You can expect your credit score to update at least once a month, if not more often. But the precise frequency depends on how many credit products you have and when those lenders report.
How long do entries stay on your credit report?
Most negative marks stay on credit reports for a few years, though the exact time frame depends on the type of entry. Missed and late payments, loans in collections, student loan defaults and foreclosures all stay on your account for seven years. Meanwhile, Chapter 7 bankruptcies stay on your account for a decade.
Credit inquiries (applications for new credit) don’t affect your score after one year, although they remain on the credit report for two years.
How to fix your credit score in 6 months
Now we come to the ultimate question; how do you fix your credit score in six months?
A word of warning: Even though most people will be able to improve their credit score somewhat within six months, being able to “fix” it is another matter. Everyone’s situation is different.
The steps below won’t guarantee a perfect credit score, and they’re not the only actions you can take to boost your score. However, they’re some of the most practical steps to secure a good credit score as quickly as possible.
Avoiding missed payments
As we’ve seen, payment history is the most important determinant of credit score. Above all, this means avoiding late or missed payments where possible.
There’s nothing you can do about the payments you’ve already missed — but if you make sure to meet all future payments on time, your credit score will likely improve.
If you can, enable auto-pay on your loans and credit accounts (meaning your lender will take automatic payments from you), so you don’t have to remember all your due dates. Also, even if you occasionally have to make a late payment, avoid letting it devolve into a collection account, which can significantly impact your score.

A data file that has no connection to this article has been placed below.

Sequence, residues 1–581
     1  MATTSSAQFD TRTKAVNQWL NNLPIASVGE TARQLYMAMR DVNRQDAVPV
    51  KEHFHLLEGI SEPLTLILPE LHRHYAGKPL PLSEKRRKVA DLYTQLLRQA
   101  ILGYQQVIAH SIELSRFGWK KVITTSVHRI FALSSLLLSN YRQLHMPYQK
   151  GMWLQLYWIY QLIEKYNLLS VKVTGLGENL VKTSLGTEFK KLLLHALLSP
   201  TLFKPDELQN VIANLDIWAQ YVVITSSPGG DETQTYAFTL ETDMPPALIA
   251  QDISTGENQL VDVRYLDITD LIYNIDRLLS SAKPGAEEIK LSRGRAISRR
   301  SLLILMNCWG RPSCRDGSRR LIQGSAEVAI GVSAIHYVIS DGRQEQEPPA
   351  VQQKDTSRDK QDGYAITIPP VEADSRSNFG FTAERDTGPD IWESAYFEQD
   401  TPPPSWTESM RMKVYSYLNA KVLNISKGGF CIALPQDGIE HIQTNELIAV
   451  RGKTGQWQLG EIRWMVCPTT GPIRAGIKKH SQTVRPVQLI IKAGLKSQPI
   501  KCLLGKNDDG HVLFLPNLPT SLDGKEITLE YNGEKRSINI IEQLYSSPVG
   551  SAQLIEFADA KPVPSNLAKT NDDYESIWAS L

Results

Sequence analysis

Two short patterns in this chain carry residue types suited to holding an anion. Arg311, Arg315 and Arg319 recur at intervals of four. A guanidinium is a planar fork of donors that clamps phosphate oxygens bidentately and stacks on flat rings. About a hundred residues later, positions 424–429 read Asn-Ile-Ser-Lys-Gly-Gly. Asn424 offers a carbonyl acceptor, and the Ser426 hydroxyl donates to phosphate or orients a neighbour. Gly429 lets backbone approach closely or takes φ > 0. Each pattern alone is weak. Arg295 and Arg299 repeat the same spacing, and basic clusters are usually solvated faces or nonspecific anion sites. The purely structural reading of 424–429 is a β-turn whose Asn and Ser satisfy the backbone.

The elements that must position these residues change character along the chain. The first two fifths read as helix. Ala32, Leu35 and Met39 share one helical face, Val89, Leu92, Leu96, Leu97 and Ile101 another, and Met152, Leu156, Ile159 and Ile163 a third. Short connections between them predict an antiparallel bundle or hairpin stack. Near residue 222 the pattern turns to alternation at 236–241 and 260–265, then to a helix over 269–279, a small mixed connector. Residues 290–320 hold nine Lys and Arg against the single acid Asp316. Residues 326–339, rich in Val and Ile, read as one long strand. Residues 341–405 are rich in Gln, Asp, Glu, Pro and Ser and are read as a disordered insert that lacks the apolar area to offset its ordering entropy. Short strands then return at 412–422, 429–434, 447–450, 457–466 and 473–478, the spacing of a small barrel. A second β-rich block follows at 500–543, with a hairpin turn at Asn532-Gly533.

Reducing (or eliminating) debt balances
The next most crucial factor affecting your credit score is the amounts owed. Owing more money negatively affects your credit score, so it’s a good idea to reduce your balances where possible.
Consider adopting the debt avalanche method, where you first tackle the loans with the highest interest rate (often credit card debt), then move on to debt with lower interest rates. This enables you to pay off your balances more efficiently. However, check for early payment penalties first (which sometimes apply to auto loans).
Using less available credit
Your credit utilization ratio on revolving credit is one component of the amounts owed credit scoring factor. It refers to the percentage of your available credit limit you use. You should aim for as low a number as possible.
For example, if you have a $5,000 credit limit and spend $4,000 on your credit card, you’d have an 80% credit utilization rate. Most experts recommend keeping your ratio under 30%, aiming for single digits if possible.